Hackers adapt Linux malware to attack Macs.
ESET’s researchers have just come across an IRC controlled backdoor that enables the infected machine to become a bot for Distributed Denial of Service attacks. The interesting part about it is that it’s a Mach-O binary – targeting Mac OS X.
ESET’s research team compared this to samples in our malware collection and discovered that this code is derived from something seen before. It is actually an OS X port of the Linux family of backdoors that ESET has been detecting since 2002 as Linux/Tsunami. The analyzed sample contains a hardcoded list of IRC servers and channel that it attempts to connect to. This client then listens and interprets commands from the channel. The list of accepted commands can be seen in the following comment block from the C source code of the Linux variant.
ESET’s malware researcher Robert Lipovsky commented: “The malware can also execute shell commands, giving it the ability to essentially take control of the affected machine. In terms of functionality, the Mac variant of the backdoor is similar to its older Linux brother, with only the IRC server, channel and password changed and the greatest difference being that it’s a 64-bit Mach-O binary instead of an ELF binary.”
In addition to enabling DDoS attacks, the backdoor can enable a remote user to download files, such as additional malware or updates to the Tsunami code.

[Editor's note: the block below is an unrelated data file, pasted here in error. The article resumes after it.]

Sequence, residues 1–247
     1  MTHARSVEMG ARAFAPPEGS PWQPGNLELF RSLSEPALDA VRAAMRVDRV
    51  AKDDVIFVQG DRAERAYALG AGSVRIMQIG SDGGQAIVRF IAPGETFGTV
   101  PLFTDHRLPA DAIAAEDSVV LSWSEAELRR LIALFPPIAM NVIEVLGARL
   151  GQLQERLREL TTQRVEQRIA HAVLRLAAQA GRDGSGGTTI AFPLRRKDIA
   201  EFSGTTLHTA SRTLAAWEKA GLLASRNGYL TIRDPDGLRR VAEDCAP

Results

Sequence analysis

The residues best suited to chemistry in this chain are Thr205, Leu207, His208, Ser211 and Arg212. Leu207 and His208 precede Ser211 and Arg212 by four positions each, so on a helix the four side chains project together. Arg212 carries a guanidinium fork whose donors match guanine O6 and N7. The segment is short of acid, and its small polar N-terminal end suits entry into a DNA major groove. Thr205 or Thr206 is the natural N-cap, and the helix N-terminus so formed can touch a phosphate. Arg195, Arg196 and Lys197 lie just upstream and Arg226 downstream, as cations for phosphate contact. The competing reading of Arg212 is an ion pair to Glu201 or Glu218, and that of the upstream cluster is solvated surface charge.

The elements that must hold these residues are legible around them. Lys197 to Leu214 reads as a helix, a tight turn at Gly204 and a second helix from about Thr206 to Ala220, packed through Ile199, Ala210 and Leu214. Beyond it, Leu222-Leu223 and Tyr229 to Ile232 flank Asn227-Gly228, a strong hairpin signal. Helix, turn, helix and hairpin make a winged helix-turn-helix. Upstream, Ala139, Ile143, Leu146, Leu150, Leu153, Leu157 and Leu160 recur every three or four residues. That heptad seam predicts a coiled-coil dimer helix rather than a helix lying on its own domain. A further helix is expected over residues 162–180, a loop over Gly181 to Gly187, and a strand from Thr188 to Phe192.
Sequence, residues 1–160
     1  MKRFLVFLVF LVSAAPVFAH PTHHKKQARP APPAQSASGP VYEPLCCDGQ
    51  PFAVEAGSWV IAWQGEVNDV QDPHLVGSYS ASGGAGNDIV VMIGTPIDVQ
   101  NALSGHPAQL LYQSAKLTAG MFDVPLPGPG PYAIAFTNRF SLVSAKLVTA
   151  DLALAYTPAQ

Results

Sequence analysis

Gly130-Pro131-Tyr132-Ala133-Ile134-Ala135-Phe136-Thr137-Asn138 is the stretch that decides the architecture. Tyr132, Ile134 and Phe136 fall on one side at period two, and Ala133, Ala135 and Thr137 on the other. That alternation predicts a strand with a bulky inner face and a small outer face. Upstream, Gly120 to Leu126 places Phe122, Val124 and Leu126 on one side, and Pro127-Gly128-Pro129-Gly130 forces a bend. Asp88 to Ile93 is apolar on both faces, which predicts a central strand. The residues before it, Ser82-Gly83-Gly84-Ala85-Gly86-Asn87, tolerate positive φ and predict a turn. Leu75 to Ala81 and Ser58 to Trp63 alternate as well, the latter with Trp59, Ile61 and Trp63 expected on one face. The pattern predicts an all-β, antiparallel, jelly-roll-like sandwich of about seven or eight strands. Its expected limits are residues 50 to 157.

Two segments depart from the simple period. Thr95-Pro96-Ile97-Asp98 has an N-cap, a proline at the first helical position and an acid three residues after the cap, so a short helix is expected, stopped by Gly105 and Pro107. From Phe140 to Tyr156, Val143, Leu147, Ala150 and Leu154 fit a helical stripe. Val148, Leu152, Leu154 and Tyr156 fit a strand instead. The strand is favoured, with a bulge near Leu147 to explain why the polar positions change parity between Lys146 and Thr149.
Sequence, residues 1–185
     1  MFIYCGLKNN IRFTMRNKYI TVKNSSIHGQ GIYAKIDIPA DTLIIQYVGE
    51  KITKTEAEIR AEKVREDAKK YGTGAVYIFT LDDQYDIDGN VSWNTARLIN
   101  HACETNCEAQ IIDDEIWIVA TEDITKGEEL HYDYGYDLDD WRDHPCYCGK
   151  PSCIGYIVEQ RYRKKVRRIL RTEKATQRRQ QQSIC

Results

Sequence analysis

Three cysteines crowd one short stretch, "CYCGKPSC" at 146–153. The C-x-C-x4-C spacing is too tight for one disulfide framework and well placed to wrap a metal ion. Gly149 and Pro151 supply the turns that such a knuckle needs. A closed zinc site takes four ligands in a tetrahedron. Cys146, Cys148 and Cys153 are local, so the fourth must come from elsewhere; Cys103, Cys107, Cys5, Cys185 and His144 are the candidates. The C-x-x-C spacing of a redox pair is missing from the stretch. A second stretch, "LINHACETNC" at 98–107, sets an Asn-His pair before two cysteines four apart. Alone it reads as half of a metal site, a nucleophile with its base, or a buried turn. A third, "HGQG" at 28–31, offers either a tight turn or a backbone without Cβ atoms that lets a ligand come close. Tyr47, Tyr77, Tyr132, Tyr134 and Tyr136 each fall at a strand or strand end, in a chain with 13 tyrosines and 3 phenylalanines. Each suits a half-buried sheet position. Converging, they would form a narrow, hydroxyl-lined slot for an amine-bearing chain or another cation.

ESET security software (including ESET Cybersecurity for Mac) detects the malware as OSX/Tsunami.A.
Updates on OSX/Tsunami.A, a Mac OS X Trojan
Yesterday, ESET announced the discovery of a new threat against the Apple Mac OS X platform. Today, we have found a new version of the same threat. The new version is similar to the previous version with two important differences. The first addition to this threat is that it now implements persistence on an infected system. It also has updated command and control information.
OSX/Tsunami.A now has the ability to copy itself to
/usr/sbin/logind. It then creates a file named
/System/Library/LaunchDaemons/com.apple.logind.plist with the content shown in the following screenshot to ensure that the malicious binary is started after each reboot.
The second difference identified in the new binary is a new command and control IRC server and IRC channel. At the time of writing, neither IRC servers are not responding.
Although the samples we have received come from two different countries on two different continents, our telemetry data still indicates that there are very few hosts infected with this malware.
It is our belief that the people behind this threat are in the process of testing their creation. They are probably adapting the code, originally written for Linux, to the OS X platform. We are still unaware of any specific infection vector for this threat. It can be installed manually by an attacker or in an automated way.
Senior Malware Researcher